Following the publication of the Winter 2021 special issue "New Geopolitics in the Eastern Mediterranean," Insight Turkey coordinated the panel called Energy Equation in the Eastern Mediterranean as a follow-up event. The panel, which was held online due to the COVD-19 pandemic, was broadcast live on YouTube and other social media platforms.
The new Cold War has arrived in the Eastern Mediterranean. At the strategic level, Chinese economic and Russian military assertiveness have led the U.S. to think twice about its mistakes, which opened up a power vacuum in this strategic geopolitical realm. Until today, the U.S. has seemed to use three axes of alliances that have emerged as Israeli-based, flexible, and benefit-oriented alignments at the level of regional rivalry. These alignments, especially in the context of the Abraham Accords, are unfortunately expected to reinforce pre-existing divisions in the region unless a radical change occurs. This study examines how and why Washington must embrace the logic of alliance axes to shape the Eastern Mediterranean and explores the projected impact of the U.S.-initiated Abraham Accords on regional geopolitics.
Since the beginning of the 2000s the global energy landscape has undergone constant change. Various factors have affected both the demand and supply sides of the global energy security outlook. As a result, both consumer and producer states have constantly felt the need to adapt to emergent market conditions. Hence, this paper first aims to highlight the continuous changes within the global energy market and simultaneously present and evaluate Turkey’s determined search to fulfill the requirements of its energy supply security strategy.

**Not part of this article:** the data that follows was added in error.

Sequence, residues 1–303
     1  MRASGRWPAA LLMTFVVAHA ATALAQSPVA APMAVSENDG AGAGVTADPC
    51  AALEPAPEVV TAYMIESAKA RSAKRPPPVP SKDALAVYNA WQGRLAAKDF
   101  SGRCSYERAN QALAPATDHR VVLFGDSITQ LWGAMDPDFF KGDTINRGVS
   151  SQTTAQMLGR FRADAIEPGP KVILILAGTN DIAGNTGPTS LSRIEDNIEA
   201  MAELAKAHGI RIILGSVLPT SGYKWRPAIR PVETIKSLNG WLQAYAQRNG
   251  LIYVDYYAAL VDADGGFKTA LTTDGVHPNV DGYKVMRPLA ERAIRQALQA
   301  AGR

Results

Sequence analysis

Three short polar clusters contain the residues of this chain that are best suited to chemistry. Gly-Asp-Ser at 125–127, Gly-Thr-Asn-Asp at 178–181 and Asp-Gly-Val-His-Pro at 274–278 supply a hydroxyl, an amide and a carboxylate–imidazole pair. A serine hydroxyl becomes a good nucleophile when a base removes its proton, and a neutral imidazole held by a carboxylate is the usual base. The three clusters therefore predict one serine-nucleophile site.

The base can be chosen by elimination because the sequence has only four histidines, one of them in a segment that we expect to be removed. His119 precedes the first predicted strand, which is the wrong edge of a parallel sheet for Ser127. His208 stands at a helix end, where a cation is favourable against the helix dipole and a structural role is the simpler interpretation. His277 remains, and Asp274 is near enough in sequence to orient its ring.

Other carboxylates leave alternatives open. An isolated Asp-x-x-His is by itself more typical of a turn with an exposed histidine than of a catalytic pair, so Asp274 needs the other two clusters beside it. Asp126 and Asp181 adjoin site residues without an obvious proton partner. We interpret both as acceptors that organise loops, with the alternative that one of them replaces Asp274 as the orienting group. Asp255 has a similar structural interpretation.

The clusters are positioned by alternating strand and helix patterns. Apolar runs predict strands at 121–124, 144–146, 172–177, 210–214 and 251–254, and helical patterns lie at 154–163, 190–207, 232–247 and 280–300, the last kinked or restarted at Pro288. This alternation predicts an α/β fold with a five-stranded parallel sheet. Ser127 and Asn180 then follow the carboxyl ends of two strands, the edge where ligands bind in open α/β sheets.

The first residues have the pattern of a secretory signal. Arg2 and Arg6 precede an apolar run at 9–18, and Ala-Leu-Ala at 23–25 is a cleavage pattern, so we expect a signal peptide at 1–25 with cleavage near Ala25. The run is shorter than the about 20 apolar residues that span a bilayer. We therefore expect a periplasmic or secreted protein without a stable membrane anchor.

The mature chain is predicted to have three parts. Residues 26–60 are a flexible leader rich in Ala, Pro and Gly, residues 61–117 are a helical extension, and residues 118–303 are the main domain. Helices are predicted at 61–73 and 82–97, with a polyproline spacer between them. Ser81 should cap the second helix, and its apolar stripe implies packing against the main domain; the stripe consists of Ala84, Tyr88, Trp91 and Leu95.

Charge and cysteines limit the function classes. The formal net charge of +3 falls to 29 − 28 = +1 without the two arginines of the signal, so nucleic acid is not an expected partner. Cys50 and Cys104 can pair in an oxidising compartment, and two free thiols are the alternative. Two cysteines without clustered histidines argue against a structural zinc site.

The Arab Spring gave rise to a variety of transitions in the Middle East. Although initial developments in Tunisia and Egypt created optimism, tragic events in Egypt, Syria, Tunisia and elsewhere revived fears about a return to authoritarian governments, failed states and civil war. With no foreseeable change in the UN Security Council with regard to Syria, the country’s neighbors, including Turkey, face the risk of instability. Although a recent agreement between the US and Russia marked a major step toward destrying the regime‘s chemical stockpile, it fails to address the conflict itself. As such, spillover effects continue to threaten Syria‘s neighbors. This paper highlights the critical nature of the situation and the international community‘s role in finding a solution.